ITC BEGINS ASSESSMENT OF U.S FREE TRADE AGREEMENT
WITH CENTRAL AMERICA AND THE DOMINICAN REPUBLIC
The U.S. International Trade Commission (ITC) has instituted an investigation to assess the comprehensive bilateral free trade agreement (FTA) that the President has proposed to establish with five Central American countries -- Costa Rica, El Salvador, Guatemala, Honduras, and Nicaragua -- and with the Dominican Republic.
The investigation, U.S. Free Trade Agreement with Central America and the Dominican Republic: Potential Economywide and Selected Sectoral Effects, was requested by the U.S. Trade Representative in a letter received on January 28, 2004.
The Trade Act of 2002 granted the President authority to negotiate trade agreements that can only be approved or disapproved (but not amended) by the U.S. Congress. The law requires the ITC to prepare a report that assesses the likely impact of proposed FTAs on the U.S. economy as a whole and on specific industry sectors and the interests of U.S. consumers. The ITC's report, which will be public, is due to the President and the Congress no more than 90 days after the President actually signs the agreement, which he can do 90 days after he notifies the Congress of his intent to do so. The President notified the Congress on February 20, 2004, of his intent to enter into the FTA with Costa Rica, El Salvador, Guatemala, Honduras, and Nicaragua. In that letter, the President also stated that negotiations were underway to integrate the Dominican Republic into the FTA with Central America.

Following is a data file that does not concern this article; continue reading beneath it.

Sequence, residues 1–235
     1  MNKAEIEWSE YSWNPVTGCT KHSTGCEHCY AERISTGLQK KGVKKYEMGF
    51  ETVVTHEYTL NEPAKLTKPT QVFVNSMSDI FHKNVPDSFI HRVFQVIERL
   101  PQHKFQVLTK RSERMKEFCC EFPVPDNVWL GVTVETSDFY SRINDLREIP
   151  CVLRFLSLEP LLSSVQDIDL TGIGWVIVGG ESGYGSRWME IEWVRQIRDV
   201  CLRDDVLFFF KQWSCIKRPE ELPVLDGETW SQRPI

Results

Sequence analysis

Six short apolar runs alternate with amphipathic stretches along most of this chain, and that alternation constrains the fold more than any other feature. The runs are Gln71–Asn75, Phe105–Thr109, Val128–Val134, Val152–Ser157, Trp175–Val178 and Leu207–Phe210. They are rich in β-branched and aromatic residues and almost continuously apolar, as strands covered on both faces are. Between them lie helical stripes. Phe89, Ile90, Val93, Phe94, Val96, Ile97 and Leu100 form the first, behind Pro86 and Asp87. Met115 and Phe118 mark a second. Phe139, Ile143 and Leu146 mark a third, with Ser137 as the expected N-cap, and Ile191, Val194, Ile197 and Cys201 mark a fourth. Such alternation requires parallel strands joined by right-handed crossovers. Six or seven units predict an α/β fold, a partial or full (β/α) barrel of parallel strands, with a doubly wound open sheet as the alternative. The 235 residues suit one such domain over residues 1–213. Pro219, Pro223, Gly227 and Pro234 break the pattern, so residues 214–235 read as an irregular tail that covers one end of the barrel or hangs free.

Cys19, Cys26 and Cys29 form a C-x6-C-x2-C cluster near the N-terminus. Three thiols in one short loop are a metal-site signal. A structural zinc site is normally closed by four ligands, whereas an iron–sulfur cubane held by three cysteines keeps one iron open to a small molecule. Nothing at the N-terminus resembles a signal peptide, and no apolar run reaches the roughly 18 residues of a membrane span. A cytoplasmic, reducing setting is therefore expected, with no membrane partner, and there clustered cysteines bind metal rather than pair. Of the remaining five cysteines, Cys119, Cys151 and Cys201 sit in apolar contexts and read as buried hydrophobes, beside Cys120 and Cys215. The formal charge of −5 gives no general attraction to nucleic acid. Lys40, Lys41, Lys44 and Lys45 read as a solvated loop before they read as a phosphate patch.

The ITC will hold a public hearing in connection with the investigation on April 27, 2004. Requests to appear at the hearing (one original and 14 copies) should be filed no later than 5:15 p.m. on April 13, 2004, with the Secretary, U.S. International Trade Commission, 500 E Street SW, Washington, DC 20436. For further information, call 202-205-1816.
The ITC also welcomes written submissions for the record. Written submissions (one original and 14 copies) should be addressed to the Secretary of the Commission at the above address and should be submitted at the earliest practical date but no later than 5:15 p.m. on May 4, 2004. All written submissions, except for confidential business information, will be available for public inspection.
Further information on the scope of the investigation and appropriate submissions is available in the ITC's notice of investigation, dated March 17, 2004, which can be obtained from the ITC Internet site (www.usitc.gov) or by contacting the Office of the Secretary at the above address or at 202-205-1816.